Thursday, February 14, 2013

Math problems of the week: 1900s algebra vs. Interactive Math Program

I. From the beginning of the "Special Rules" chapter (Chapter VI) of Wentworth's New School Algebra (published in 1898) [click to enlarge]:

II. The two problem sets within the entire Year 4 Interactive Mathematics Program that come closest to providing practice applying the Distribute Law to algebraic expressions [click to enlarge]:

(Oops, the first two of these can be simplified without applying the Distributive Law. The other two, by the way, among just a handle of problems throughout the entire book that require factoring)

(Oops, these problems, like the majority in the IMP book, don't involve any algebraic manipulation at all; just plugging in numbers.).

III. Extra Credit:

There are no problems in the Year 4 Interactive Mathematics Program that involve demonstration or application of "Special Rules" in polynomial multiplication--Square of Sums, Square of Differences, Product of Sum and Difference. Is application of these "Special Rules" a 21st Century Skill?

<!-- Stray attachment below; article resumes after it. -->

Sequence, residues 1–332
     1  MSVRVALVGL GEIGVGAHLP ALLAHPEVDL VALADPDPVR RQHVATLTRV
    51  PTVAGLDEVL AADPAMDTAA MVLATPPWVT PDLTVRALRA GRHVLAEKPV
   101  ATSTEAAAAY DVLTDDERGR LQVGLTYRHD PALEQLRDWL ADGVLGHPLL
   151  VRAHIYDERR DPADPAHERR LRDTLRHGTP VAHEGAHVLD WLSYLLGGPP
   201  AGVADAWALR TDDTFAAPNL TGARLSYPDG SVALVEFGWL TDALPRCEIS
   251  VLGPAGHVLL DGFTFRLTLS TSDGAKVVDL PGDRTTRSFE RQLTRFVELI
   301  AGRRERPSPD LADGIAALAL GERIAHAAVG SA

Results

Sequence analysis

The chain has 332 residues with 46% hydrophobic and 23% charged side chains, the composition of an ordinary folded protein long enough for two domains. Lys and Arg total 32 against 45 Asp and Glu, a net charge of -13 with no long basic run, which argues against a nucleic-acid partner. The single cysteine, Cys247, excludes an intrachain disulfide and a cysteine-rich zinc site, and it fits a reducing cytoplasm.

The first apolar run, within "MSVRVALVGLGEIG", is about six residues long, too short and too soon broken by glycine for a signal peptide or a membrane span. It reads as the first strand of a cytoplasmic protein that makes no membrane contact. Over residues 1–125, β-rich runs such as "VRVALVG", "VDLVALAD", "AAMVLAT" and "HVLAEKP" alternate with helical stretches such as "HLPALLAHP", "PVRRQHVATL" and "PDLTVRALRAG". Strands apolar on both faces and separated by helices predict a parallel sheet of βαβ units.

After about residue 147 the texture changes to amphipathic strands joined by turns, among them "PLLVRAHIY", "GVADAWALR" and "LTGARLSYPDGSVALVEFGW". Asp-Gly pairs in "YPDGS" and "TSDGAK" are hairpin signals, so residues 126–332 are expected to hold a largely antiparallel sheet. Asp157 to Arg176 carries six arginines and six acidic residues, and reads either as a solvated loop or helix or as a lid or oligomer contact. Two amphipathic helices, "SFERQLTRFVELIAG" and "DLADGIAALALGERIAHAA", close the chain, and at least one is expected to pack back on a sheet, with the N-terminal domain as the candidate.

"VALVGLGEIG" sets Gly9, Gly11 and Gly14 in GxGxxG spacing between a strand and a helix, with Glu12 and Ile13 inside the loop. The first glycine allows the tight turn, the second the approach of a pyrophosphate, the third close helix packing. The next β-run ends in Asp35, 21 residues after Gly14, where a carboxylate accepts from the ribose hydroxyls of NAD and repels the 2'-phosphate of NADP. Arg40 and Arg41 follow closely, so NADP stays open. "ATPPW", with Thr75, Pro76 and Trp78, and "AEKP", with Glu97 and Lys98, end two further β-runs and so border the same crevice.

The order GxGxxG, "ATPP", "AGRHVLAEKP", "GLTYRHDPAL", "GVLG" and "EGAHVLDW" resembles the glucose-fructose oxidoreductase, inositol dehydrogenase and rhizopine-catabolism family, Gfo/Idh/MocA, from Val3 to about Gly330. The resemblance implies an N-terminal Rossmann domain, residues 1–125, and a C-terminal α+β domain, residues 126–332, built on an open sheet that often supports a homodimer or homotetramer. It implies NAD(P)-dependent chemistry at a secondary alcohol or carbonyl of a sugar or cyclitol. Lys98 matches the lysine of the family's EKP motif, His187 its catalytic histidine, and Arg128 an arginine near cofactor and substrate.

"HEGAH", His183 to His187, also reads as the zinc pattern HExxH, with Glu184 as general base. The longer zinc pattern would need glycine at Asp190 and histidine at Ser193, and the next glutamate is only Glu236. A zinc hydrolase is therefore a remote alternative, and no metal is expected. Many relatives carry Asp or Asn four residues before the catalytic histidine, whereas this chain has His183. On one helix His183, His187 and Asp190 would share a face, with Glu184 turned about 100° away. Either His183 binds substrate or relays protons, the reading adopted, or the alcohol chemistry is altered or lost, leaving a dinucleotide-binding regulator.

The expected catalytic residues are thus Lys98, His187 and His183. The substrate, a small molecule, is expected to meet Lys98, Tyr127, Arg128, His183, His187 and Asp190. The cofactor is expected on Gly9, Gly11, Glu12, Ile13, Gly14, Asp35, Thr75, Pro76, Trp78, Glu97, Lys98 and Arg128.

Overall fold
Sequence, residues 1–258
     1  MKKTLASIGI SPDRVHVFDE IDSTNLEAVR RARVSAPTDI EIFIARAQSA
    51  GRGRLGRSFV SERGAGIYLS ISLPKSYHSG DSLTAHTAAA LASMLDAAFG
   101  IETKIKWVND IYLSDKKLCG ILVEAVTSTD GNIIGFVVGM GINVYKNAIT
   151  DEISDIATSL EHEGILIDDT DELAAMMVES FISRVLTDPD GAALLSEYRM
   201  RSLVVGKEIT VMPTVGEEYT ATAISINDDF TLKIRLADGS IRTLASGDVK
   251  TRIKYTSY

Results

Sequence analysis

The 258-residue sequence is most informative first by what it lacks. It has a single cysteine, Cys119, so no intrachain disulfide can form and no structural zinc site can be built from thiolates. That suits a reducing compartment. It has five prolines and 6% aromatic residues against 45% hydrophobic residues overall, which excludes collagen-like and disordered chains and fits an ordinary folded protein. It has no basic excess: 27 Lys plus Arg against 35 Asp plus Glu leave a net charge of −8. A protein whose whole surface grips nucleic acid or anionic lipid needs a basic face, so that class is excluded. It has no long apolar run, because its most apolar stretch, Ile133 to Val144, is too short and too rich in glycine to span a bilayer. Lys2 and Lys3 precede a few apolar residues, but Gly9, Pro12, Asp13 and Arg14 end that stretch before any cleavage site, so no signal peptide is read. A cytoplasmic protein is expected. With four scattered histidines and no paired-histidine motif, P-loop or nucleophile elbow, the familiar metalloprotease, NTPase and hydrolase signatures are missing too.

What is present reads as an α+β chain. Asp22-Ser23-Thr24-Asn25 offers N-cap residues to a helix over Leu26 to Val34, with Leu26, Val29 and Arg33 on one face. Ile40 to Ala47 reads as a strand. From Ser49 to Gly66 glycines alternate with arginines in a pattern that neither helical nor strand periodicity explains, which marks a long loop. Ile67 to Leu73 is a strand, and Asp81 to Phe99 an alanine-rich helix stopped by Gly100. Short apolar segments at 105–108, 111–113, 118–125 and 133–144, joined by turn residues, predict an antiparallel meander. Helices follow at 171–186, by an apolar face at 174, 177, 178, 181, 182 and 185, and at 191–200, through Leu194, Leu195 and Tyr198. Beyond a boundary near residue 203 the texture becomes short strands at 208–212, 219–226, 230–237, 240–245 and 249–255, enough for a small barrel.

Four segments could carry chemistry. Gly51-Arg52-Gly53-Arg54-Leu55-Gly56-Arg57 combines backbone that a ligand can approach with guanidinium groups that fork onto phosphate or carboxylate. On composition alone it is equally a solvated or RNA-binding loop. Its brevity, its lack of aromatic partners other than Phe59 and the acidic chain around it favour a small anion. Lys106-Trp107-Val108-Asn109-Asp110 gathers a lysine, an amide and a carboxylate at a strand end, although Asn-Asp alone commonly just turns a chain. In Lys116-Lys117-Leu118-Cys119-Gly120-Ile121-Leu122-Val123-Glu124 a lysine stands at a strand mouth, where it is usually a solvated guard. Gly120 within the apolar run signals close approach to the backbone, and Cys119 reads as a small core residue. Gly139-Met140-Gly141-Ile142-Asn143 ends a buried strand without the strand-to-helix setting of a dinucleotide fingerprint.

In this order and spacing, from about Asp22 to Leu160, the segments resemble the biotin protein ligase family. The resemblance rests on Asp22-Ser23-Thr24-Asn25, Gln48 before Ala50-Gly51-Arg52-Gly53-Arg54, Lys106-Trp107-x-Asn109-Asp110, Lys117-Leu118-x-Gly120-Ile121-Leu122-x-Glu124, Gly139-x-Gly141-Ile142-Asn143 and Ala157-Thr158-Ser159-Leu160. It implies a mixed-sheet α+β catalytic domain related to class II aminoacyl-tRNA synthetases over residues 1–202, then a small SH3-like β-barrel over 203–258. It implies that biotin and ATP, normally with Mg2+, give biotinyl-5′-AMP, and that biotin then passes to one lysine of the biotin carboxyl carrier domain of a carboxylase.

1 comment:

Allan Folz said...

Can I say none of the above?

Obviously Interactive Math is a joke, reminds me of one about making a gin martini: waft the opened vermouth bottle over shaker, but I don't consider the late 19th century algebra book is an improvement.

Wentworth's isn't illustrating any underlying concepts. They are giving the student a long, very long, list of rules to be applied depending on the problem trying to be solved. It's like pre-Copernician astronomy. Who can remember all that crap. Who'd want to?

I humbly suggest for binomials you use FOIL -- Firsts, Outers, Inner's, Lasts. One thing to remember and it always works. Once they show facility with it, you can back up to show the underlying principle at work and then take a swing at applying the underlying principle on a trinomial or two, but only to show, yeah this is really hard, in fact, there's a better way (matrices & linear algebra) so let's move on.